Alexis Herman

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Alexis Margaret Herman (born July 16, 1947 in Mobile, Alabama) was the 23rd U.S. Secretary of Labor, serving under President Bill Clinton. Prior to her appointment, she was Assistant to the President and Director of the White House Office of Public Engagement.

Background

The daughter of politician Alex Herman and schoolteacher Gloria Caponis, Alexis grew up a Catholic home[1] in Mobile and earned her high school diploma in 1965 from the Heart of Mary High School. She briefly attended Edgewood College in Madison, Wisconsin, and Spring Hill College in Mobile, but transferred to Xavier University of Louisiana in New Orleans, where she became an active member of the Gamma Alpha Chapter of[2] Delta Sigma Theta Sorority, Inc. and graduated with a Bachelor of Arts in Sociology in 1969.

Herman was Queen of Carnival for the Mobile Area Mardi Gras Association (Mobile's African-American Mardi Gras umbrella organization) in 1974. Her king, Douglas Wicks, would go on to become the first African-American elected to the Mobile County Commission since Reconstruction.[3]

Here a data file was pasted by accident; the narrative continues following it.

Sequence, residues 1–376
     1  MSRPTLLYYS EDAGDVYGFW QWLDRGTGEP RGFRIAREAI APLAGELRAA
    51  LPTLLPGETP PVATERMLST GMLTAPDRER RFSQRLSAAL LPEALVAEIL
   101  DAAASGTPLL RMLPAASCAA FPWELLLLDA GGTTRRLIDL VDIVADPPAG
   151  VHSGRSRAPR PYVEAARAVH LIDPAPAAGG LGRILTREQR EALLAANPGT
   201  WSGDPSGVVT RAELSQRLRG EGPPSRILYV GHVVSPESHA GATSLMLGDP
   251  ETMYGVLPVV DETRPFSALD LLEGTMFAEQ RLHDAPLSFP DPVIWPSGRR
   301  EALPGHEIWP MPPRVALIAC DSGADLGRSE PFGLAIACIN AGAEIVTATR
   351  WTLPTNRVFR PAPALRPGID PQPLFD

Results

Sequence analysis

After college, Herman worked for Catholic Charities and other agencies advocating minority women employment. Jimmy Carter met the young Herman while campaigning in Atlanta, Georgia and, after winning the White House in 1977, tapped her to be Director of the Labor Department's Women's Bureau. At age 29, she was the youngest person to ever serve in that position.

In 1981, Herman founded her own consulting firm - A.M. Herman & Associates. She served as president of the company while remaining active in Democratic politics. During her tenure as chief of staff and later vice chair of the Democratic National Committee, she was responsible for organizing the 1992 Democratic National Convention.

After Bill Clinton's victory in the 1992 Presidential election, Herman became deputy director of the Presidential Transition Office. She was later appointed to head the White House Office of Public Liaison, where she was responsible for the administration's relations with interest groups.

During Clinton's second term, Herman was named Secretary of Labor, the first African American to be nominated for that position and the fifth woman to be appointed. Her nomination was initially opposed by Congressional Republicans and labor unions, but she earned praise from her peers for her handling of the 1997 UPS workers strike. She came under investigation for taking cash bribe and/or illegal campaign donations as an aide to Clinton from 1994 to 1996. She was the 5th cabinet officer be investigated by independent counsel. Bill Clinton testified on her behalf. In 2000 the investigation ended with no indictment.

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